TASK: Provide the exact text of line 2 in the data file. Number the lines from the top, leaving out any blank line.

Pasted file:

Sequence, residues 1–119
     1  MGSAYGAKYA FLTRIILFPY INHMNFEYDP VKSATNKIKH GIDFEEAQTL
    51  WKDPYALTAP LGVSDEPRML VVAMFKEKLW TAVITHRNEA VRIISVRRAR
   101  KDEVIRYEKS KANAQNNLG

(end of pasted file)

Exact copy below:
     1  MGSAYGAKYA FLTRIILFPY INHMNFEYDP VKSATNKIKH GIDFEEAQTL